The printing apparatus of the present invention and the method of printing using the printing apparatus of the present invention has been described above in terms of the means for applying a photocurable ink composition onto a substrate and the means for drying/curing the photocurable ink composition. In addition to the means for applying a photocurable ink composition and the means for drying/curing the photocurable ink composition, the printing apparatus may further comprise other components including, but not limited to, a paper feeder, a printed sheet sorter, etc. In one embodiment of the present invention, the printing apparatus further comprises a housing means for enclosing the means for applying a photocurable ink composition onto a substrate and the means for drying/curing the photocurable ink composition.

Although the printing apparatus of the present invention finds particular applicability in the area of ink jet printing, the printing apparatus of the present invention may be used in any radiation-drying printing process. As used herein, “radiation-drying printing” refers to any printing method, which utilizes radiation as a drying means. Radiation-drying printing includes, for example, off-set printing operations, such as on a Heidelberg press, flexographic printing, and flat-bed printing.

The printing apparatus of the present invention enables increased output due to the efficient drying/curing of the printed substrate. Further, the increased output may be obtained while using a minimal amount of photoinitiator and a low energy light source. The printing apparatus of the present invention enables rapid curing times from 5-10 times faster than the curing times of ink compositions using conventional equipment. The printing apparatus of the present invention enables print speeds, which were at one time thought to be unobtainable. For example, in an open air printing process using a Heidelberg print press and a 15 W flat excimer lamp for photocuring, desirably the printed sheet output is greater than 6,000 sheets per hour. More desirably, the printed sheet output is greater than 8,000 sheets per hour. Even more desirably, the printed sheet output is greater than 10,000 sheets per hour.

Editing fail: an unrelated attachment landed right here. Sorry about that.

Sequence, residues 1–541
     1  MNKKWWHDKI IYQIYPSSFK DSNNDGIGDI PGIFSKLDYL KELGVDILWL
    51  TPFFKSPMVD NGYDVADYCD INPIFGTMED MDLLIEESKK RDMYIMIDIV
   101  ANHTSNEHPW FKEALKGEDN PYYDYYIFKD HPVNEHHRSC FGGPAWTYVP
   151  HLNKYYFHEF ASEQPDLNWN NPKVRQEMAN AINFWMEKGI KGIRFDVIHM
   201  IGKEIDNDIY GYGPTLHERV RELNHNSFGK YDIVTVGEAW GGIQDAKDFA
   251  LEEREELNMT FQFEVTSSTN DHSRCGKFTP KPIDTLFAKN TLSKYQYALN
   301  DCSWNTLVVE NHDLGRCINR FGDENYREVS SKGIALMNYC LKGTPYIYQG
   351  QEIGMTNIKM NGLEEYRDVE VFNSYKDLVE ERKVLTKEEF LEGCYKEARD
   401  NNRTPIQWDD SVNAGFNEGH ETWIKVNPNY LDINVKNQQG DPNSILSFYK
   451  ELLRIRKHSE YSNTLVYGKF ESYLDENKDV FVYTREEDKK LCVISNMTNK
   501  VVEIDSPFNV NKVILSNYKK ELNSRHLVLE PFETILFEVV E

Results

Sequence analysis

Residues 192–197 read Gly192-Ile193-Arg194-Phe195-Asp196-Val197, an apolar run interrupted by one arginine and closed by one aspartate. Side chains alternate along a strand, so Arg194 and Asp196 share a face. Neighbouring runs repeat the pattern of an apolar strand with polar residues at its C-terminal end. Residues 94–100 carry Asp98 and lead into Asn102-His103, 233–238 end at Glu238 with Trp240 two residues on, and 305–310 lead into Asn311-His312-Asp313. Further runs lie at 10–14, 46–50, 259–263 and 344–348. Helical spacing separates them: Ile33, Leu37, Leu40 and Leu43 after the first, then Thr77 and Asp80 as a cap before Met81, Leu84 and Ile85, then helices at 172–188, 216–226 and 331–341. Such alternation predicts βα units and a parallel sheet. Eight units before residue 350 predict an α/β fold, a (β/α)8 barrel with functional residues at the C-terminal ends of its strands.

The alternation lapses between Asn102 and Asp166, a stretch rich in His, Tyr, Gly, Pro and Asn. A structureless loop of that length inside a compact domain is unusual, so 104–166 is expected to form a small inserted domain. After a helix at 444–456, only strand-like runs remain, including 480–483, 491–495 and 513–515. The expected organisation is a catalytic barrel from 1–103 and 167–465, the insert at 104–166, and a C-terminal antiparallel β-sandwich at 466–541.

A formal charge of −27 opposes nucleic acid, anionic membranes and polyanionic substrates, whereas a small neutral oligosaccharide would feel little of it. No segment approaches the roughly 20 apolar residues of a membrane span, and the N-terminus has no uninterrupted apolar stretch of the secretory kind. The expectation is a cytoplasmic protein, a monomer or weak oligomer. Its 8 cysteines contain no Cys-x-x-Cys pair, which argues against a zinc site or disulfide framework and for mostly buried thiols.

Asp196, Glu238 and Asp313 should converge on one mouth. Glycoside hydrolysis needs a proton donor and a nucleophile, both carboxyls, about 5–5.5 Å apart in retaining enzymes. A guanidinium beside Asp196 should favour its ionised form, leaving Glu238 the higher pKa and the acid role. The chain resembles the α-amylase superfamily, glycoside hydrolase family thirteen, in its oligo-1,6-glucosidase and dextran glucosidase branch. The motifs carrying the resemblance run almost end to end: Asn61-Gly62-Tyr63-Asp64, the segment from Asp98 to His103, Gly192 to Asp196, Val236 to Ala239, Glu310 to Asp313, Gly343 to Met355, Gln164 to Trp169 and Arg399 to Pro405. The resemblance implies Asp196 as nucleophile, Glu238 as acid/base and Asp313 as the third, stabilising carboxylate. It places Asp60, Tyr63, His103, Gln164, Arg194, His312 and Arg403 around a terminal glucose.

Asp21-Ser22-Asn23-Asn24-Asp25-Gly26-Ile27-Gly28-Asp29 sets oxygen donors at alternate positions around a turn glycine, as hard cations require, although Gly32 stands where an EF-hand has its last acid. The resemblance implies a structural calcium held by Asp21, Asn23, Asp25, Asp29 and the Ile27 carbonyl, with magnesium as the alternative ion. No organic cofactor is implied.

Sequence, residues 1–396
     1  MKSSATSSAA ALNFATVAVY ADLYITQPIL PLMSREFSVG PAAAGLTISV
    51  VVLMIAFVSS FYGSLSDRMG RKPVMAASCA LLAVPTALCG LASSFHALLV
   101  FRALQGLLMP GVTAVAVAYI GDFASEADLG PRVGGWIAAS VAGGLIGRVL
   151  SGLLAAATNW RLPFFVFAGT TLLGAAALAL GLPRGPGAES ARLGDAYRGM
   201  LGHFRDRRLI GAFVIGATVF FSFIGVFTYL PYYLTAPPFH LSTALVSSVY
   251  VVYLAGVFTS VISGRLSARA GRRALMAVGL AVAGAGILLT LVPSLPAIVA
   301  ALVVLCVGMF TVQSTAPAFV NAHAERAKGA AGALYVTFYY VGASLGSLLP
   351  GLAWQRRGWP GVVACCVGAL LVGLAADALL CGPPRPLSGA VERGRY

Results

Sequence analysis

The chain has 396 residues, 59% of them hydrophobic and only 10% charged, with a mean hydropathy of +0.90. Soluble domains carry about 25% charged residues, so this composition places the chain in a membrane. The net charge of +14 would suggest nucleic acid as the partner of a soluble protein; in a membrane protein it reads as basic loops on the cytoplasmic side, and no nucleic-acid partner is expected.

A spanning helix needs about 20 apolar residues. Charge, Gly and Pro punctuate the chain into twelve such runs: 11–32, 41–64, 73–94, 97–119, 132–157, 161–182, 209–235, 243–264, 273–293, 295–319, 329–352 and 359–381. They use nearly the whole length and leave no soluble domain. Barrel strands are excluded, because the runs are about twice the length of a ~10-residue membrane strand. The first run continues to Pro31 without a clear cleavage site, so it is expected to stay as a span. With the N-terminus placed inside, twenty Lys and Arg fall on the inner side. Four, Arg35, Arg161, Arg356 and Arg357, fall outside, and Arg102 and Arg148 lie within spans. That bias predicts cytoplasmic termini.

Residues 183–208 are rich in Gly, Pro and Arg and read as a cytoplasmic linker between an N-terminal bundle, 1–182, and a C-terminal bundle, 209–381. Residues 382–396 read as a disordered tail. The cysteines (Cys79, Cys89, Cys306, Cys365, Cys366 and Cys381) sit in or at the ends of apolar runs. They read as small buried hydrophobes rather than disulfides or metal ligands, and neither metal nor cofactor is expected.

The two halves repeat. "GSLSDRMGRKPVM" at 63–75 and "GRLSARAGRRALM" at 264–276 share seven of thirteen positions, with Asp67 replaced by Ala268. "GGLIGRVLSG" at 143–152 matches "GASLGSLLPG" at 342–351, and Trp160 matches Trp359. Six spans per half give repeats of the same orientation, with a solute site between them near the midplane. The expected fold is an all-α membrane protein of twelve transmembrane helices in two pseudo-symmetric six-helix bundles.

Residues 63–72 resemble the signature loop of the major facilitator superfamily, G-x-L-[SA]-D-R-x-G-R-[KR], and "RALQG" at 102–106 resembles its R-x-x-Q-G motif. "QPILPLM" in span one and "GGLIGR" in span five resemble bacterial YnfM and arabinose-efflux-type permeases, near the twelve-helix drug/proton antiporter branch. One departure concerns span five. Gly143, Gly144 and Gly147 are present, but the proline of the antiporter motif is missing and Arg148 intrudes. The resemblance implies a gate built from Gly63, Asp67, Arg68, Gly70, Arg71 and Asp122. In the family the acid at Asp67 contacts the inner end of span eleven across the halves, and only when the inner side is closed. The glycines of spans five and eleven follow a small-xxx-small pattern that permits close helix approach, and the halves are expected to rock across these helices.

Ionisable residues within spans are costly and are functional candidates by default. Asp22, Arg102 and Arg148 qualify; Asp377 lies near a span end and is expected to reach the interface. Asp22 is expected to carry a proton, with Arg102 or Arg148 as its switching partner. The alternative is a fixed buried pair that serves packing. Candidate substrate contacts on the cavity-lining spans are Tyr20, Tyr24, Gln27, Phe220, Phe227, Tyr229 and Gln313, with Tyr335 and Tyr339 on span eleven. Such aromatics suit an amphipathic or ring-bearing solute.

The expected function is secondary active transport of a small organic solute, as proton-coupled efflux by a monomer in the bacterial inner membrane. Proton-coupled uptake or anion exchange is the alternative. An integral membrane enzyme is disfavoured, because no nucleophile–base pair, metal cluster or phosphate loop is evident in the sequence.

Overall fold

While the specification has been described in detail with respect to specific embodiments thereof, it will be appreciated that those skilled in the art, upon attaining an understanding of the foregoing, may readily conceive of alterations to, variations of, and equivalents to these embodiments. Accordingly, the scope of the present invention should be assessed as that of the appended claims and any equivalents thereto.

The present invention is further described by the examples which follow. Such examples, however, are not to be construed as limiting in any way either the spirit or scope of the present invention. In the examples, all parts are parts by weight unless stated otherwise.

EXAMPLE 1 Ink Jet Printing of an UV Curable Acrylate Resin Using a Flat Lamp

A printing apparatus comprising an Epson Stylus Color Printer, Model 740, in combination with an excimer lamp was used to print ink compositions onto a paper substrate according to the following method.

The water-based inks were removed by syringe from an Epson color ink jet cartridge, Model S020191). The empty cartridge was flushed with a clear flexographic resin until the resin from the cartridge was colorless. A 9:1 wt/wt mixture of Satomer SR335 (N-lauryl acrylate) and Flexo Resin was prepared. One percent of a photoinitiator having the following structure was added to the mixture:

Three inks were prepared from the above mixture: a magenta ink using 5 wt % Intrasperse Red-Violet RH; a yellow ink using 5 wt % Disperse Yellow 42; and a cyan ink using 5 wt % Victoria Blue BO. Each ink was placed within the ink cartridge, which was positioned inside the Epson printer.

Using a paint program, three 2″×2″ squares for each ink were printed onto a transparency film and exposed to a flat lamp available from Heraeus Noblelight GmbH (Hanau, Germany) and having a width of about 5 inches; a length of about 12 inches; and a thickness of about ½ inch. An instantaneous cure was observed.

EXAMPLE 2 Ink Jet Printing of an UV Curable Acrylate Resin Using a Cylindrical Excimer Lamp

Example 1 was repeated except a cylindrical 308 nm excimer lamp was used in place of the flat lamp. A good cure was observed.

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Classifications
U.S. Classification347/102, 347/101
International ClassificationB41F23/04, B41J11/00, B41J2/01
Cooperative ClassificationB41J11/002, B41J2/01, B41F23/0409
European ClassificationB41F23/04B2B, B41J2/01, B41J11/00C1